Report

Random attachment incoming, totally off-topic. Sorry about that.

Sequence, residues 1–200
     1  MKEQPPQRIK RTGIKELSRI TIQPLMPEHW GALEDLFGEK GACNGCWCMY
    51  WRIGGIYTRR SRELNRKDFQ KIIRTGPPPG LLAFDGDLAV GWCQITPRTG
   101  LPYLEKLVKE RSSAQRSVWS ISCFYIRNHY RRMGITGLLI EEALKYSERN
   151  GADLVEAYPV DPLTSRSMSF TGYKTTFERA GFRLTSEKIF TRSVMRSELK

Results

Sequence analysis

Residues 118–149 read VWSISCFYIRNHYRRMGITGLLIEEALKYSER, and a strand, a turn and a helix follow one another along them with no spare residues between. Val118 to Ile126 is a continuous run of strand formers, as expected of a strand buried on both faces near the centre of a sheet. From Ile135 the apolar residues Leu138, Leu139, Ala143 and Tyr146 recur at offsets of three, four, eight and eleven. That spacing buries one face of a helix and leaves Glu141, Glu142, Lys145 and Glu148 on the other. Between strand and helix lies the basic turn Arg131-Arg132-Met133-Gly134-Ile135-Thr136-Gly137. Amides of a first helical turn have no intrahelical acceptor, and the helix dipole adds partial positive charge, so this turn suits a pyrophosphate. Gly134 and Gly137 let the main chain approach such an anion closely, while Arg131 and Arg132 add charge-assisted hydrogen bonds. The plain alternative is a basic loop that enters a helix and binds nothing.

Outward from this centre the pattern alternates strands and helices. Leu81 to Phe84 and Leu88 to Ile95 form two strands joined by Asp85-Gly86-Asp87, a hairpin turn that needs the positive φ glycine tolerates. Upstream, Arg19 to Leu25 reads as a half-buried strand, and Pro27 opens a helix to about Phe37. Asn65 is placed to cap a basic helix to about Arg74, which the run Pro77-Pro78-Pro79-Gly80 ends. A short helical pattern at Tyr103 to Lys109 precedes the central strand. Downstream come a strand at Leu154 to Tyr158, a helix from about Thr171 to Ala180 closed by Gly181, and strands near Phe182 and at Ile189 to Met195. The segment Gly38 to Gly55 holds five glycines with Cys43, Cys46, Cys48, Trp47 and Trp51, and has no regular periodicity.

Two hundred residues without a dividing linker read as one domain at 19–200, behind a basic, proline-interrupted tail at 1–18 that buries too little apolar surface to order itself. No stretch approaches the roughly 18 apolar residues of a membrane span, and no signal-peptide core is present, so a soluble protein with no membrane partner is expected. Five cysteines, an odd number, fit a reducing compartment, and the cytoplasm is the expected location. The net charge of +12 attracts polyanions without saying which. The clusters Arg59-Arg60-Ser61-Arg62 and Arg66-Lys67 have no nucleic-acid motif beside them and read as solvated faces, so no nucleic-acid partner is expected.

Graph Algorithms for Modern Data Models Ashish Goel Stanford University Joint work with Kamesh Munagala; Bahman Bahmani and Abdur Chowdhury Modern Data Models • Over the past decade, many commodity distributed computing platforms have emerged • Two examples: Map-Reduce; Distributed Stream Processing • Similar to PRAM models, but have several nuances – Carefully calibrated to take latencies of disks vs network vs memory into account – Cost of processing is often negligible compared to the cost of data transfer – Take advantage of aggregation in disk and network operations – Example: the cost of sending 100KB is about the same as sending 1 Byte over a network Data Model #1: Map Reduce • An immensely successful idea which transformed offline analytics and bulk-data processing. Hadoop (initially from Yahoo!) is the most popular implementation. • MAP: Transforms a (key, value) pair into other (key, value) pairs using a UDF (User Defined Function) called Map. Many mappers can run in parallel on vast amounts of data in a distributed file system • SHUFFLE: The infrastructure then transfers data from the mapper nodes to the “reducer” nodes so that all the (key, value) pairs with the same key go to the same reducer and get grouped into a single large (key, <val1, val2, ..>) pair • REDUCE: A UDF that processes this grouped (key, <val1, val2, ..>) pair for a single key. Many reducers can run in parallel. Complexity Measures • Key-Complexity: – The maximum size of a key-value pair – The amount of time taken to process each key – The memory required to process each key • Sequential Complexity: – The total time needed by all the mappers and reducers together – The total output produced by all the mappers and reducers together • Number of MapReduce phases [Goel, Munagala; 2012] Complexity Measures THE CURSE OF THE LAST REDUCER • Key-Complexity: – The maximum size of a key-value pair – The amount of time taken to process each key – The memory required to process each key • Sequential Complexity: – The total time needed by all the mappers and reducers together – The total output produced by all the mappers and reducers together [Goel, Munagala; 2012] Complexity Measures • Key-Complexity: – The maximum size of a key-value pair – The amount of time taken to process each key – The memory required to process each key • Sequential Complexity: SHUFFLE SIZE – The total time needed by all the mappers and reducers together – The total output produced by all the mappers and reducers together [Goel, Munagala; 2012] Complexity Measures • THE AMOUNT OF WORK DONE TO AGGREGATE ALL Key-Complexity: THE VALUES FOR A SINGLE – The maximum size of aKEY key-value (SORTING)pair IS NOT A COMPLEXITY MEASURE – The amount of time taken to process each key – The memory required to process each key • Sequential Complexity: – The total time needed by all the mappers and reducers together – The total output produced by all the mappers and reducers together [Goel, Munagala; 2012] Complexity Measures • Key-Complexity: – The maximum size of a key-value pair – The amount of time taken to process each key – The memory required to process each key • Sequential Complexity: – The total time needed by all the mappers and reducers together – The total output produced by all the mappers and reducers together • Number of MapReduce phases [Goel, Munagala; 2012] Densest Subgraph (DSG) • Given: an undirected graph G = (V,E), with N nodes, M edges, and maximum degree dMAX – For a subset S of nodes, let E(S) denote the set of edges between nodes in S – Goal: Find the set S that maximizes |E(S)|/|S| – Applications: Community detection • Can be solved in polynomial time • A (2+ε)-approximation known on MapReduce – O((log N)/ε)-phases – Each phase has sequential complexity O(M) and key complexity O(dMAX) [Bahmani, Kumar, Vassilvitskii; 2012] 0 1 0 1 1 0 0 0 0 0 1 0 1 0 0 1 1 0 0 0 0 1 1 0 0 0 0 0 0 1 0 0 0 0 0 0 1 1 0 0 1 0 0 0 0 1 1 0 0 1 0 1 0 0 1 0 0 1 0 0 0 0 0 0 0 0 0 0 0 0 0 0 0 1 0 0 0 0 0 0 1 0 0 0 0 0 0 0 0 0 1 0 0 0 0 0 0 0 0 0 0 0 0 0 0 0 0 0 1 1 0 1 1 0 0 0 0 0 1 1 1 1 0 0 1 0 0 0 0 1 0 0 0 0 0 0 0 0 0 0 0 0 0 0 0 1 0 1 1 0 0 0 0 0 1 0 1 0 0 1 1 0 0 0 0 1 1 0 0 0 0 0 0 1 0 0 0 0 0 0 1 1 0 0 1 0 0 0 0 1 1 0 0 1 0 1 0 0 1 0 0 1 0 0 0 0 0 0 0 0 0 0 0 0 0 0 0 1 0 0 0 0 0 0 1 0 0 0 0 0 0 0 0 0 1 0 0 0 0 0 0 0 0 0 0 0 0 0 0 0 0 0 1 1 0 1 1 0 0 0 0 0 1 1 1 1 0 0 1 0 0 0 0 1 0 0 0 0 0 0 0 0 0 0 0 0 0 0 LP Formulation Maximize Σe ye Subject to: Σv xv ≤ 1 ye ≤ xv x, y ≥ 0 [for all nodes v, edges e, such that e is incident on v] LP Formulation Maximize Σe ye Subject to: Σv xv ≤ 1 ye ≤ xv x, y ≥ 0 xv indicates whether node v Is part of S [for all nodes v, edges e, such that e is incident on v] LP Formulation Maximize Σe ye Subject to: Σv xv ≤ 1 ye ≤ xv x, y ≥ 0 ye indicates whether edge e Is part of E(S) xv indicates whether node v Is part of S [for all nodes v, edges e, such that e is incident on v] LP Formulation Maximize Σe ye Subject to: Σv xv ≤ 1 ye ≤ xv x, y ≥ 0 ye indicates whether edge e Is part of E(S) xv indicates whether node v Is part of S [for all nodes v, edges e, such that e is incident on v] Edge e can be in E(S) only if its endpoints are in S Maximizing Σe ye while setting Σv xv ≤ 1 maximizes density LP Formulation Maximize Σe ye Subject to: Σv xv ≤ 1 ye ≤ xv x, y ≥ 0 ye indicates whether edge e Is part of E(S) xv indicates whether node v Is part of S [for all nodes v, edges e, such that e is incident on v] Edge e can be in E(S) only if its endpoints are in S Maximizing Σe ye while setting Σv xv ≤ 1 maximizes density LP Formulation Maximize Σe ye Subject to: Σv xv ≤ 1 ye ≤ xv x, y ≥ 0 ye indicates whether edge e Is part of E(S) xv indicates whether node v Is part of S [for all nodes v, edges e, such that e is incident on v] Edge e can be in E(S) only if its endpoints are in S The LP has NO INTEGRALITY GAP General Direction for DSG • Write the dual of the LP, and solve it on MapReduce • PST type algorithms: Perform multiplicative updates of dual weights. Powerful primal-dual technique, with many applications in online, parallelized, and centralized algorithms. • Approach: formulate the dual in a form suitable for PST; reduce width for efficiency; increase width for obtaining the primal back from the dual [Plotkin, Shmoys, Tardos; 1995] [General exposition: Arora, Hazan, Kale; 2010] [Many updates, variants: eg. Garg, Konemann 1998] The Primal and its Dual Maximize Σe ye Subject to: Σv xv ≤ 1 [D] ye ≤ xv [®e,v] x, y ≥ 0 USEFUL FACT: An approximate solution to this dual results in an approximate solution to the primal Minimize D Subject to: ®e,v + ®e,w ≥ 1 [ye] [for all edges e = (v,w)] Σe incident on v ®e,v ≤ D [for all nodes v] ®, D ≥ 0 [xv] The Primal and its Dual Maximize Σe ye Subject to: Σv xv ≤ 1 [D] ye ≤ xv [®e,v] x, y ≥ 0 USEFUL FACT: An approximate solution to this dual results in an approximate solution to the primal Minimize D Subject to: ®e,v + ®e,w ≥ 1 [ye] [for all edges e = (v,w)] Σe incident on v ®e,v ≤ D [for all nodes v] ®, D ≥ 0 [xv] Solving the Dual Minimize D Guess D Subject to: Try to find ®, s.t. ®e,v + ®e,w ≥ 1 [for all edges e = (v,w)] Σe incident on v ®e,v ≤ D [for all nodes v] ®≥0 ®2 P Solving the Dual PST: Solve the dual using calls to the following oracle, for given ye: Maximize Σe ye(®e,u + ®e,v) s.t. ® 2 P Minimize D Guess D Subject to: Try to find ®, s.t. ®e,v + ®e,w ≥ 1 [for all edges e = (v,w)] Width, ½ = max {®e,v + ®e,w} s.t. ® 2 P Σe incident on v ®e,v ≤ D Guarantee: We get a (1+²)approximation in O((½ log N)/²2) steps [for all nodes v] ®≥0 First Problem: ½ is too large (as large as D) ®2 P The Dual Oracle on MapReduce • Need to compute the oracle in each iteration: Maximize Σe ye(®e,u + ®e,v), subject to: Σe incident on v ®e,v ≤ D; ® ≥ 0 • Maps well to MapReduce – Map(edge e = (u,v), ye): EMIT(u, (e, ye)); Emit(v, (e, ye)) – Reduce(node u, <(e1, ye1), …>): Find the largest ye in the values list, and output ®e,u = D and everything else is implicitly 0 – Key complexity: O(dMAX); sequential complexity: O(M) Solving the Dual PST: Solve the dual using calls to the following oracle, for given ye: Maximize Σe ye(®e,u + ®e,v) s.t. ® 2 P Minimize D Guess D Subject to: Try to find ®, s.t. ®e,v + ®e,w ≥ 1 [for all edges e = (v,w)] Width, ½ = max {®e,v + ®e,w} s.t. ® 2 P Σe incident on v ®e,v ≤ D Guarantee: We get a (1+²)approximation in O((½ log N)/²2) steps [for all nodes v] ®≥0 First Problem: ½ is too large (as large as D) ®2 P Solving the Dual PST: Solve the dual using calls to the following oracle, for given ye: Maximize Σe ye(®e,u + ®e,v) s.t. ® 2 P Minimize D Guess D Subject to: Try to find ®, s.t. ®e,v + ®e,w ≥ 1 [for all edges e = (v,w)] Width, ½ = max {®e,v + ®e,w} s.t. ® 2 P Σe incident on v ®e,v ≤ D Guarantee: We get a (1+²)approximation in O((½ log N)/²2) steps [for all nodes v] ®≥0 First Problem: ½ is too large (as large as D) ®2 P Solving the Dual: Reducing Width Minimize D Guess D Subject to: Try to find ®, s.t. ®e,v + ®e,w ≥ 1 [for all edges e = (v,w)] Σe incident on v ®e,v ≤ D [for all nodes v] ® ≥ 0; ® ≤ 1 ®2 P Solving the Dual: Reducing Width Width ½ = max {®e,v + ®e,w} s.t. ® 2 P Minimize D Guess D Subject to: Try to find ®, s.t. ®e,v + ®e,w ≥ 1 The optimum solution to the dual LP never sets any ®e,u to be larger than 1, and hence, adding the “® ≤ 1” constraints does not change the dual solution Next problem: It no longer holds that an approximate dual leads to an approximate primal [for all edges e = (v,w)] Σe incident on v ®e,v ≤ D [for all nodes v] ® ≥ 0; ® ≤ 1 ®2 P Preserving Approximation Replace “® ≤ 1” with “® ≤ 2” The width increases by only O(1), but: Technical Lemma: A (1+²)-approximate solution to the dual results in a (1+O(²))approximate solution to the primal Minimize D Guess D Subject to: Try to find ®, s.t. ®e,v + ®e,w ≥ 1 [for all edges e = (v,w)] Σe incident on v ®e,v ≤ D [for all nodes v] ® ≥ 0; ® ≤ 2 ®2 P Performance • O((log N)/²2) iterations • Each iteration: – Reduce-key complexity: O(dMAX) – Sequential complexity: O(M) • The greedy algorithm takes O((log N)/²) iterations, but gives a (2+²)-approximation • Extends to fractional matchings, and directed graphs [Goel, Munagala; 2013] Data Model #2: Active DHT • DHT (Distributed Hash Table): Stores key-value pairs in main memory on a cluster such that machine H(key) is responsible for storing the pair (key, val) • Active DHT: In addition to lookups and insertions, the DHT also supports running user-specified code on the (key, val) pair at node H(key) • Like Continuous Map Reduce, but reducers can talk to each other Example 2: PageRank • An early and famous search ranking rule, from Brin et al. Given a directed graph G=(V,E), with N nodes, M edges, d(w) = number of edges going out of node w, ² = teleport probability, ¼(v) = PageRank of node v. ¼(v) = ²/N + (1-²) § (w,v) 2 E (¼(w)/d(w)) • Equivalently: Stationary distribution of random walk that teleports to a random node with probability ² • Consequence: The Monte Carlo method. It is sufficient to do R = O(log N) random walks starting at every node , where each random walk terminates upon teleport PageRank in Social Networks • Interpretation in a social network: You are highly reputed if other highly reputed individuals follow you (or are your friends) • Updates to social graph are made in real-time – As opposed to a batched crawl process for web search • Real-time updates to PageRank are important to capture trending events • Goal: Design an algorithm to update PageRank incrementally (i.e. upon an edge arrival) in an Active DHT t-th edge arrival: Let (ut, vt) denote the arriving edge, dt(v) denote the out-degree of node v, and ¼t(v) its PageRank Incremental PageRank in Social Networks • Two Naïve approaches for updating PageRank: – Run the power iteration method from scratch. Set ¼0(v) = 1/N for every node v, and then compute ¼r(v) = ²/N + (1-² § (w,v) 2 E (¼r-1(w)/d(w)) R times, where R ¼ (log N)/² – Run the Monte Carlo method from scratch each time • Running time £((M/²) log N) and £((N/²) log N), respectively, per edge arrival • Heuristic improvements are known, but nothing that provably gives significantly better running time Incremental Monte Carlo using DHTs • Initialize the Active DHT: Store the social graph and R = log N random walks starting at each node • At time t, for every random walk passing through node ut, shift it to use the new edge (ut,vt) with probability 1/dt(ut) • Time/number of network-calls for each re-routing: O(1/ε) • Claim: This faithfully maintains R random walks after arbitrary edge arrivals. • Observe that we need the graph and the stored random walks to be available in fast distributed memory; this is a reasonable assumption for social networks, though not necessarily for the web-graph. An Average Case Analysis • Assume that the edges of the graph are chosen by an adversary, but presented in random order • Technical consequence: E[¼t(ut)/dt(ut)] = 1/t • Expected # of random walks rerouted at time t = (Expected # of Random Walks through node ut)/dt(ut) = E[(¼t(ut) (RN/²))/dt(ut)] = (RN/²)/t ) Number of network calls made = O(RN/(²2t)) • Amount of extra work done(*) per edge arrival goes to 0 !! • Work done over all M edge arrivals goes to O((N/²2) log2 N) • Compare to £ ((N/²) log N) per edge arrival for Naïve Monte Carlo An Average Case Analysis • Assume that the edges of the graph are chosen by an adversary, but presented in random order • Technical consequence: E[¼t(ut)/dt(ut)] = 1/t • Expected # of random walks rerouted at time t INTUITION = (Expected # ofROUGH Random Walks through node ut)/dt(ut) = E[(¼t(ut) (RN/²))/dt(ut)] = (RN/²)/t We “expect” ¼t(ut) to be around 1/N 2 ) Number of network calls made = O(RN/(² t)) We “expect” 1/d t(ut) to be around N/t (*) • Amount of extra work done per edge arrival goes to 0 !! • Work done over all M edge arrivals goes to O((N/²2) log2 N) The ratio of “expectations” is 1/t • Compare to ((N/²) log N) per edge arrival for Naïve Monte Carlo The random order ensures that the expectation of the ratios is also 1/t An Average Case Analysis • Assume that the edges of the graph are chosen by an adversary, but presented in random order • Technical consequence: E[¼t(ut)/dt(ut)] = 1/t • Expected # of random walks rerouted at time t = (Expected # of random walks through node ut)/dt(ut) = E[(¼t(ut)¢(RN/²))/dt(ut)] = (RN/²)/t ) Number of network calls made = O(RN/(²2t)) • Amount of extra work done(*) per edge arrival goes to 0 !! • Work done over all M edge arrivals goes to O((N/²2) log2 N) • Compare to £ ((N/²) log N) per edge arrival for Naïve Monte Carlo Incremental PageRank: Summary • The random order assumption is much weaker than assuming generative models such as Preferential Attachment, which also satisfy the random order assumption • The technical consequence can be verified empirically • The result does not hold for adversarial arrival order • The analysis carefully pairs an appropriate computation/data model (Active DHTs) with minimal assumptions on the social network [Bahmani, Chowdhury, Goel; 2011] Directions and Open Problems • An Oracle for Personalized PageRank • Real-time Social Search – Partial progress for distance based relevance measures [Bahmani, Goel; 2012] • Mixed Algorithms: Algorithms that can run on either MapReduce or Active DHTs (or a combination) seamlessly • Additional research interests: Randomized Algorithms; Collaboration, trust, and mistrust in social networks; Internet Commerce